The grocery sector continues to charge ahead, with major chains logging consistent weekly growth despite a relaxation of COVID-19 shutdown orders across the country.

A new report from Placer.ai notes that while grocery was a strong performer during the pandemic (thanks largely to its apt categorization as an essential retailer), the overall data picture is a bit more complex than first meets the eye. The big reason? Year-over-year analysestypically incredibly useful tools to judge factors like seasonality and brand strength over timedon’t tell the full story.  

The week beginning March 8, 2021, for example, shows grocery visits are down 28% year-over-year, according to Placer.ai analysis. And what’s more, leading grocer Albertsons or Publix were down 34.6% and 20.3% respectively over the same period in 2020, marking the worst weekly year-over-year mark either has seen since Placer.ai began logging such data in 2017. But when you compare those numbers against performance during the same week in 2019, Albertsons is down just 0.3% and Publix is up 0.8. And this year, both chains are showing consistent week-over-week growth, according to Placer.ai data.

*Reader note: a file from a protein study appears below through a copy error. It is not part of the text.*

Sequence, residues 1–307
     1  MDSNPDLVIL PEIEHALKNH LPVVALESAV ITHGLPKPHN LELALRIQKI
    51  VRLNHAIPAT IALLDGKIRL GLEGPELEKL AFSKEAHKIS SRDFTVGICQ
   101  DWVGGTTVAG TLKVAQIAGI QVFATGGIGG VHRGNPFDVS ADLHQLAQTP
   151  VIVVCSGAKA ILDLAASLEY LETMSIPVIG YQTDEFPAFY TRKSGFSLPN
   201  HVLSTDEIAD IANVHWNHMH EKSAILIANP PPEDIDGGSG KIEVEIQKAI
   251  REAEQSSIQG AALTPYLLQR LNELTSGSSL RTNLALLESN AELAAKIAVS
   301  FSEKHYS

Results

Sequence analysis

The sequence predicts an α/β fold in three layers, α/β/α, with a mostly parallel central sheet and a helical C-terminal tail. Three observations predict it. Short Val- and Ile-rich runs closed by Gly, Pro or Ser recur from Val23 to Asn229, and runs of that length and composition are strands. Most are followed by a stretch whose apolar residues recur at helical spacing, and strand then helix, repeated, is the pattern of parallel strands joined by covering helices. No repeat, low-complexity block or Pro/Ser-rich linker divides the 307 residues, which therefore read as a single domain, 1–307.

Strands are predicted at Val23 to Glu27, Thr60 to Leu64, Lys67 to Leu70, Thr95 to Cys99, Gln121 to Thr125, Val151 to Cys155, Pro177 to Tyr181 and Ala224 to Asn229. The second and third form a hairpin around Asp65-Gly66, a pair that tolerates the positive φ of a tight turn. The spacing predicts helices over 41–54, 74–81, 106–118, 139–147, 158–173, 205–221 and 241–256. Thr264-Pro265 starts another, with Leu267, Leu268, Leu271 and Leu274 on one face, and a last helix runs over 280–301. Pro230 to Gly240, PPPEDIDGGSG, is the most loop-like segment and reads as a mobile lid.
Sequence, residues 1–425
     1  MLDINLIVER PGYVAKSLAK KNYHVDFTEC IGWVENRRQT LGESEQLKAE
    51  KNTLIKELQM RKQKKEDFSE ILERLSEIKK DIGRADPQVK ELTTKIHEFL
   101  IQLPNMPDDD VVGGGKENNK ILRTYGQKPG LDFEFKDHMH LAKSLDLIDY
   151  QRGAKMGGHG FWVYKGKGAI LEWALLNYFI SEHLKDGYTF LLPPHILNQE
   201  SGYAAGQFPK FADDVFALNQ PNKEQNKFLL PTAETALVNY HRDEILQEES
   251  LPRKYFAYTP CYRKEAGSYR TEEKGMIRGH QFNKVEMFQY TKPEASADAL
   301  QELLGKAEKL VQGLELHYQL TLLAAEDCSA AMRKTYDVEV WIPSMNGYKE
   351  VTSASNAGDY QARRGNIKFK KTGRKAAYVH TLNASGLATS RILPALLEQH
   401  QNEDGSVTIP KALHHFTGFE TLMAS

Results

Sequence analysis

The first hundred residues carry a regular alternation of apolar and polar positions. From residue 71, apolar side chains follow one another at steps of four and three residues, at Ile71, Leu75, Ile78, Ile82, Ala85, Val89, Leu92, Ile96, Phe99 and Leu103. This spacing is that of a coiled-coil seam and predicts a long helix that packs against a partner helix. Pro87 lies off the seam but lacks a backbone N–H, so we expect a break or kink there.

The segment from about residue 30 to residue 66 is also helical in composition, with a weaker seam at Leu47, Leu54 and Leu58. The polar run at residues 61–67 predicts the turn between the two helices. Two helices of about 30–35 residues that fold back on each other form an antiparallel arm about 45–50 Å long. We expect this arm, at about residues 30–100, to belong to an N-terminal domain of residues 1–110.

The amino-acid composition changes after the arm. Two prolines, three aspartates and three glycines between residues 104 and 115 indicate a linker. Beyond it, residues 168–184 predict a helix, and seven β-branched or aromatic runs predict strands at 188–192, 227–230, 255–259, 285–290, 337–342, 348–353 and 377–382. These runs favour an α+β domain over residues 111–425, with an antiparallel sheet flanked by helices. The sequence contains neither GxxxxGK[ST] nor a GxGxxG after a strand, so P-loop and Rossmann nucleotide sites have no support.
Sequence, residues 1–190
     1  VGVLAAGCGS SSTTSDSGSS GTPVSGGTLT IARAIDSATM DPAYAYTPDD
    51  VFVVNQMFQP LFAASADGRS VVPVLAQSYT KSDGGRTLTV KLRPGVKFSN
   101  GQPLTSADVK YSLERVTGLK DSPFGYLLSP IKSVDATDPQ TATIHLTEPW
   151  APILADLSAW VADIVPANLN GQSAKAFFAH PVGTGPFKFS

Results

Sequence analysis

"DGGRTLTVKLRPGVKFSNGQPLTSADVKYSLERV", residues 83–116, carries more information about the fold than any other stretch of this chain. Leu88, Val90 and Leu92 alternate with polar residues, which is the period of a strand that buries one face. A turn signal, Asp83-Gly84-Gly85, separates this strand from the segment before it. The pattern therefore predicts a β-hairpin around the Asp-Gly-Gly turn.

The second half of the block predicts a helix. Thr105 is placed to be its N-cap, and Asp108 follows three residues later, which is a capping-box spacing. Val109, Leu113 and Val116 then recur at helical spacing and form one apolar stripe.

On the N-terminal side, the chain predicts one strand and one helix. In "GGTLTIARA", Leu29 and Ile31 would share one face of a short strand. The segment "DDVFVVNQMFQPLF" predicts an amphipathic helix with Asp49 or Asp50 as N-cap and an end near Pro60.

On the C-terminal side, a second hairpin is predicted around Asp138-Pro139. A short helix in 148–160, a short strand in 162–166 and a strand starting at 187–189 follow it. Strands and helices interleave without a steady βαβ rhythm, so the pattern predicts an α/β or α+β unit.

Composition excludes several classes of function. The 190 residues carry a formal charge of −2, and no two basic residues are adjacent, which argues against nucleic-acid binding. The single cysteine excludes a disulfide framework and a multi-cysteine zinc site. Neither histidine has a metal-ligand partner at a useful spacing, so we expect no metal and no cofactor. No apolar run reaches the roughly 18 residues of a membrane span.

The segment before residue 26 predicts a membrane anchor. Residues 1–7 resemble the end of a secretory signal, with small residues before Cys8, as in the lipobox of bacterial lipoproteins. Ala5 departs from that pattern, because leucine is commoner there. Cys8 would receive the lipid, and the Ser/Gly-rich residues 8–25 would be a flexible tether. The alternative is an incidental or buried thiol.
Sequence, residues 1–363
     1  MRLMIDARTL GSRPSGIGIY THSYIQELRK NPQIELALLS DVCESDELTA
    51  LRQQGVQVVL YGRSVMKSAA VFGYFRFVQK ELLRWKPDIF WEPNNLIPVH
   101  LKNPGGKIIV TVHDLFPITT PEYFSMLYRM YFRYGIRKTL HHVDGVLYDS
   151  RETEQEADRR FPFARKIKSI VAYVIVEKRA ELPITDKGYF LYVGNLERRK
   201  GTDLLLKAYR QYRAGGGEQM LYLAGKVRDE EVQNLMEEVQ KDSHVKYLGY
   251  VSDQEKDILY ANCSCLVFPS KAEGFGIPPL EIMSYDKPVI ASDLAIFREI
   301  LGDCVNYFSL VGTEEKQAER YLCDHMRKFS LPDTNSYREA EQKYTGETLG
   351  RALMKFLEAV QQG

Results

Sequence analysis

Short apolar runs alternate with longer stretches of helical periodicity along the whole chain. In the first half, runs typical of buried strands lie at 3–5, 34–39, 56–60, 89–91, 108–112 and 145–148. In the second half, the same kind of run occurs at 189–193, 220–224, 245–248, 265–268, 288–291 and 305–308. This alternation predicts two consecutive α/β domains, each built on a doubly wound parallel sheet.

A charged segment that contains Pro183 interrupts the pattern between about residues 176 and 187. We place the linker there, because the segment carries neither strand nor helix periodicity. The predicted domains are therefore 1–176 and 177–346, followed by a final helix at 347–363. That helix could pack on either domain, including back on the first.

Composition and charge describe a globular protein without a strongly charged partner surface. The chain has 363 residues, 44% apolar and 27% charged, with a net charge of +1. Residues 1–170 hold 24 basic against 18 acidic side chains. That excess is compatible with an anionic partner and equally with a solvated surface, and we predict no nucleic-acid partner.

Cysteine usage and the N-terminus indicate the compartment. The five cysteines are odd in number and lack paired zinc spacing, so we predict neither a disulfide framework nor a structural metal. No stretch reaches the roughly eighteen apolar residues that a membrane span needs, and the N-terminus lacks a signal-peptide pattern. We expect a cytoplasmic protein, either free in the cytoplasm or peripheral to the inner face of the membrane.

Why? “The large year-over-year declines are being driven by the massive heights that these same grocery brands saw in the early weeks of the pandemic when consumers were afraid of not having enough key items,” the report states. “This panic-driven, stocking-up-oriented shopping drove massive visit growth in the first few weeks of March 2020, leading the relatively strong performances of the same period in 2021 to pale in comparison. And this can lead to significant mistakes….Not only is grocery not in a weak position, it’s actually gaining momentum even in the shorter term.”

The key takeaway, Placer.ai analysts maintain, is that grocery is headed toward a period of “significant long-term potential appears,” with top grocers potentially heading into a period of what the firm terms “unique strength.” 

“While COVID’s health effects seem to be dissipating, the economic consequences will last far longer,” the report notes. “This should buoy grocery as it provides a cost-conscious alternative to eating out. Additionally, greater flexibility in work from home should allow more people to shop when they want, enabling them to have longer visits driving larger basket sizes. These factors among others should give the grocery sector an extended lift.”